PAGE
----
The Democratic National Committee is pushing Barack Obama’s jobs plan with eye-catching online video ads, as the Obama campaign targets marriage equality voters on Facebook. Both efforts display the reelection campaign’s use of issue-themed ads online to build their supporter lists.
Expandable ads spotted on LATimes.com yesterday from the DNC lead to a website supporting President Obama’s job-creation plan, AmericanJobsAct.com. The ads include a video featuring an edited version of the speech he gave before Congress about the proposal earlier this month. They also list several bullet points that Democrats claim will result from the plan including “$1,500 more in your paycheck,” “creating jobs fixing roads and bridges,” and “keeping good teachers in classrooms.”
Among some political observers, the jobs proposal is seen as a campaign tool for the President. If Congress passes legislation based on his proposal, it would most likely be considered a win for his administration. Meanwhile, if Republicans shoot it down, as they are threatening to do, his campaign can argue that the GOP is yet again impeding progress on job creation at a dire time for unemployed Americans. Therefore, it behooves the Democratic Party to ensure voters are aware of the act and how it might benefit them – one reason behind the ads.
The ads serve a dual purpose, though. In addition to the persuasive video message and complementary bullet points, the ads drive supporters to a sign up form through a button that reads, “Tell Congress: Pass the plan.”
Republican digital ad consultant Peter Pasi credits the DNC on the video effort. “This is a very captivating, inspirational ad which combines the emotional pitch from the president – on the right video viewer – with talking points on the left. Even if your speakers are off, you get the facts,” continued Pasi, EVP of Emotive.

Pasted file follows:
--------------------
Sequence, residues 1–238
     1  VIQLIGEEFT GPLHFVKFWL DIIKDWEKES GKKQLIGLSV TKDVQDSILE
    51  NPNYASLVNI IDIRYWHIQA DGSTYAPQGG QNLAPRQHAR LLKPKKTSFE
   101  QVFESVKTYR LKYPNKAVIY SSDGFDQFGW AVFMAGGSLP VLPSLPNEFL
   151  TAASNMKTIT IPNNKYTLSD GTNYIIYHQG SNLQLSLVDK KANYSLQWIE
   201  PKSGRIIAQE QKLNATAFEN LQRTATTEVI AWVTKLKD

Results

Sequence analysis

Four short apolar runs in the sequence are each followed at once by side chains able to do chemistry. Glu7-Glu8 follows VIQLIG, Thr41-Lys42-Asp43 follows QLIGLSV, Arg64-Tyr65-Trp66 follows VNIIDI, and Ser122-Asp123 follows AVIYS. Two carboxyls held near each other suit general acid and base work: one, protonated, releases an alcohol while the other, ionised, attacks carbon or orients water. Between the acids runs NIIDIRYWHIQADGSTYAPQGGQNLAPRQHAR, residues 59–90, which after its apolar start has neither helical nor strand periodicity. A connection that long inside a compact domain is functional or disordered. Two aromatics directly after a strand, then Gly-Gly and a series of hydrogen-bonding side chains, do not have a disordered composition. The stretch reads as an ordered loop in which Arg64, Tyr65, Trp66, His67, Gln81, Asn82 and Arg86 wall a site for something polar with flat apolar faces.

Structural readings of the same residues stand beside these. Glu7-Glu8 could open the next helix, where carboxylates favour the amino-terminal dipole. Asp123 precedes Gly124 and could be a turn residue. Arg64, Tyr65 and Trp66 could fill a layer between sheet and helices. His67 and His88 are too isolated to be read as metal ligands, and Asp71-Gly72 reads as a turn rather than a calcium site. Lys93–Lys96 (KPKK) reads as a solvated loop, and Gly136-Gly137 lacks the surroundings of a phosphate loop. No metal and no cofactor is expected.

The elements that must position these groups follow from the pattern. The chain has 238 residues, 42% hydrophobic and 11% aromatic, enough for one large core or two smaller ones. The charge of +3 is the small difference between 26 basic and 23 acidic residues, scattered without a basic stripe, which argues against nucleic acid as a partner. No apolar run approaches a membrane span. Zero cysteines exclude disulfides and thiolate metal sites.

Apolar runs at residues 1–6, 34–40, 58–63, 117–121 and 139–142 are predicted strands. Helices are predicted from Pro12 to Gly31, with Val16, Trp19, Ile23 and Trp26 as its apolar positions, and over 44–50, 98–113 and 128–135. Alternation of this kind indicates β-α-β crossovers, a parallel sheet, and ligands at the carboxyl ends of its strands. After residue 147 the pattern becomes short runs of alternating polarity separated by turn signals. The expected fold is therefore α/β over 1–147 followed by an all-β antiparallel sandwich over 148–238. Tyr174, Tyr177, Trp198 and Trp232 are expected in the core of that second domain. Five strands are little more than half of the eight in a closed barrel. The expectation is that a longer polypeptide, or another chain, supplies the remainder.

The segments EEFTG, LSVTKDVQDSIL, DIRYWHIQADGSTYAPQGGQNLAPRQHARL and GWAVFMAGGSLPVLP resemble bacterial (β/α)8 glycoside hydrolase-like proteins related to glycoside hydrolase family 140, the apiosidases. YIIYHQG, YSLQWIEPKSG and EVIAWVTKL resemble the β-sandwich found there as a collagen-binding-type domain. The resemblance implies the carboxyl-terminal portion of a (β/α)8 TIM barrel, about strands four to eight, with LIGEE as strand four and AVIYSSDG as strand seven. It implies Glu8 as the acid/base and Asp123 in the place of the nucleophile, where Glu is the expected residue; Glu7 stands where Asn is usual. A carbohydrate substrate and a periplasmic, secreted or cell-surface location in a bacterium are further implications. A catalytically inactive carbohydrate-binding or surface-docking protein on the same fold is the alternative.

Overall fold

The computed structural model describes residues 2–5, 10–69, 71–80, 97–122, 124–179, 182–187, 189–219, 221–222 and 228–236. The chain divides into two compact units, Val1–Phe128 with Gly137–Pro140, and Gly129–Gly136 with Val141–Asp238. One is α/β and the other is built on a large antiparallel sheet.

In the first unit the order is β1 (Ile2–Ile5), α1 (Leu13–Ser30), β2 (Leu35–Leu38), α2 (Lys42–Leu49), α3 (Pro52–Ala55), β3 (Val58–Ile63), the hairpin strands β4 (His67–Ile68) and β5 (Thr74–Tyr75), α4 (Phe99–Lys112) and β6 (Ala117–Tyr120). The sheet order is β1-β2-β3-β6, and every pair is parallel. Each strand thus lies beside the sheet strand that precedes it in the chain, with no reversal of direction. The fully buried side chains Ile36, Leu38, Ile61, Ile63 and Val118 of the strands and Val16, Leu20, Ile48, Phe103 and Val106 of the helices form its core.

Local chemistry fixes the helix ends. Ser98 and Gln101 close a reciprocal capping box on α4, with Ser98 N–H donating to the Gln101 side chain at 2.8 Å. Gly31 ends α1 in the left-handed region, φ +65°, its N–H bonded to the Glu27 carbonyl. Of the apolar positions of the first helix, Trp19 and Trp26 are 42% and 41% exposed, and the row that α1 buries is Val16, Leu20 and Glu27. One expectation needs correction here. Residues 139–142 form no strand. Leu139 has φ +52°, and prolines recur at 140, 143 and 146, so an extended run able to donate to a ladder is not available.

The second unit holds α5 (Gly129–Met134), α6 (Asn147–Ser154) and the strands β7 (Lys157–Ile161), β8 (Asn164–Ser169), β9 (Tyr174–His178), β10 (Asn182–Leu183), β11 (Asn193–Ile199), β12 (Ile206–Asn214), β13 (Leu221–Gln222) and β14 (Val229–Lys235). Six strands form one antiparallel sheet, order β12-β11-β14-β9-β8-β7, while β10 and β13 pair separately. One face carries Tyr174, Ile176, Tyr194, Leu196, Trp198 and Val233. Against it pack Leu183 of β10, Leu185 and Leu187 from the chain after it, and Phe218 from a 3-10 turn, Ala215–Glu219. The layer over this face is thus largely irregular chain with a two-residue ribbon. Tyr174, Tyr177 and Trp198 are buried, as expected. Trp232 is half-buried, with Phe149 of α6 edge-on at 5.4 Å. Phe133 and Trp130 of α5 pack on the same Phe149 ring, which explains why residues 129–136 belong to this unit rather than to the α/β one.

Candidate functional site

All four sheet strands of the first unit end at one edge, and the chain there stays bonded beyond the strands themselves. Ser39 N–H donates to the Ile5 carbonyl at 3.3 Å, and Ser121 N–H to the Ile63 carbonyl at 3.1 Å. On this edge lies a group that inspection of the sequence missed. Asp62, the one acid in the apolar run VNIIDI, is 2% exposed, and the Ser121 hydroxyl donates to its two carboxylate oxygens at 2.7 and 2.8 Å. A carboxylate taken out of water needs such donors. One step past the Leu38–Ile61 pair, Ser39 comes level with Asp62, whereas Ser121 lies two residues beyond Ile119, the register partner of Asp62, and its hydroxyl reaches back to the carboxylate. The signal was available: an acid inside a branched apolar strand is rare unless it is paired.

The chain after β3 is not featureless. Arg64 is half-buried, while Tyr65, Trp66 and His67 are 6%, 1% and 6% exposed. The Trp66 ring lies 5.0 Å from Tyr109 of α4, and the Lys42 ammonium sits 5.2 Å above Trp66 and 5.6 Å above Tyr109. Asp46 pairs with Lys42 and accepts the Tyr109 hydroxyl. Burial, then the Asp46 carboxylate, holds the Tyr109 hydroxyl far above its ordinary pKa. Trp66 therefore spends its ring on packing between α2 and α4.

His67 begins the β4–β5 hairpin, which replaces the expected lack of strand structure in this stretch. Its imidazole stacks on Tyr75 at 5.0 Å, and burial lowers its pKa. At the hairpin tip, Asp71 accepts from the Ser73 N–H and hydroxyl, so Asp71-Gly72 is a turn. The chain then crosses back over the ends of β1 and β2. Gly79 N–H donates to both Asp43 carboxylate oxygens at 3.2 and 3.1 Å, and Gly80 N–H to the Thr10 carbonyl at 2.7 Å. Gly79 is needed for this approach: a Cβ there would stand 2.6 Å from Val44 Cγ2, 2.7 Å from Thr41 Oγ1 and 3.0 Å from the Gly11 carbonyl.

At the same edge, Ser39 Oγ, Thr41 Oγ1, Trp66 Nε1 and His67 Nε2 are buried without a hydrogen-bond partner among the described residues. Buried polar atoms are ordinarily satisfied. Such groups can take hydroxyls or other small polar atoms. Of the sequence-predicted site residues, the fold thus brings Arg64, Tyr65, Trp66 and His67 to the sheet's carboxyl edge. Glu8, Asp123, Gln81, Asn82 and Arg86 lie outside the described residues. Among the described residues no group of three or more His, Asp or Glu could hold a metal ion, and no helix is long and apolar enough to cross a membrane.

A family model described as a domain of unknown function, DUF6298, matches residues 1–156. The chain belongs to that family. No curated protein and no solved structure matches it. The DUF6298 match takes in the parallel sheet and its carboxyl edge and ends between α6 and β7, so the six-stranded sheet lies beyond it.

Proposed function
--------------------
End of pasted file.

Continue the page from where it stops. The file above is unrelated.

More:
“Also, they’ve repurposed video which they obtained at no cost and edited it into a compelling short message. And they’ve created a special landing page aimed at list-building.”
The DNC is backing the expandable video units with a search campaign. A Google search for “Obama jobs” turns up an ad that declares, “Tell Congress: do your job and pass the Obama jobs plan. Act now.”
Neither the DNC nor the online ad firm handling ads for the DNC and Obama campaign responded to ClickZ’s interview requests about the jobs-related ads.
AmericanJobsAct.com, a DNC site, also features links to information showing the plan’s “impact on” ‘impact on” women, Latinos, veterans, African Americans, low income families, and “your state.”
Meanwhile, as the DNC backs the President’s job creation attempt, the Obama for America team is aiming ads at Facebook users with a message focused on an entirely different issue: marriage equality. “President Obama supports repealing the Defense of Marriage Act. Add your support now!” states a Facebook display ad currently running. The ad appears to be targeted to people who like left-leaning and liberal groups on Facebook, including gay rights related groups.
And, they, too, aim to persuade voters through an issue-based message as well as build the Obama camp’s supporter list. The ads link to a page on BarackObama.com that states, “The President has certified the repeal of ‘Don’t Ask, Don’t Tell’ – and gays and lesbians will now be able to serve openly in just 60 days.” However, the copy is stale – they will actually be able to serve openly on September 20.
Mother’s Day is big business for brands of all kinds. The National Retail Federation reports Americans spent upwards of $170 each on gifts ... read more
The growth of adblocker usage is one of the major problems affecting publishers today, as it has the potential to cut into ... read more
The past week in digital was once again dominated by video: interactive videos on Facebook and Instagram, YouTube's live streaming and Amazon challenging Netflix.
There seems to be something new happening everyday in the world of virtual / augmented / mixed reality. Here are some recent developments bringing the artificial world closer to reality.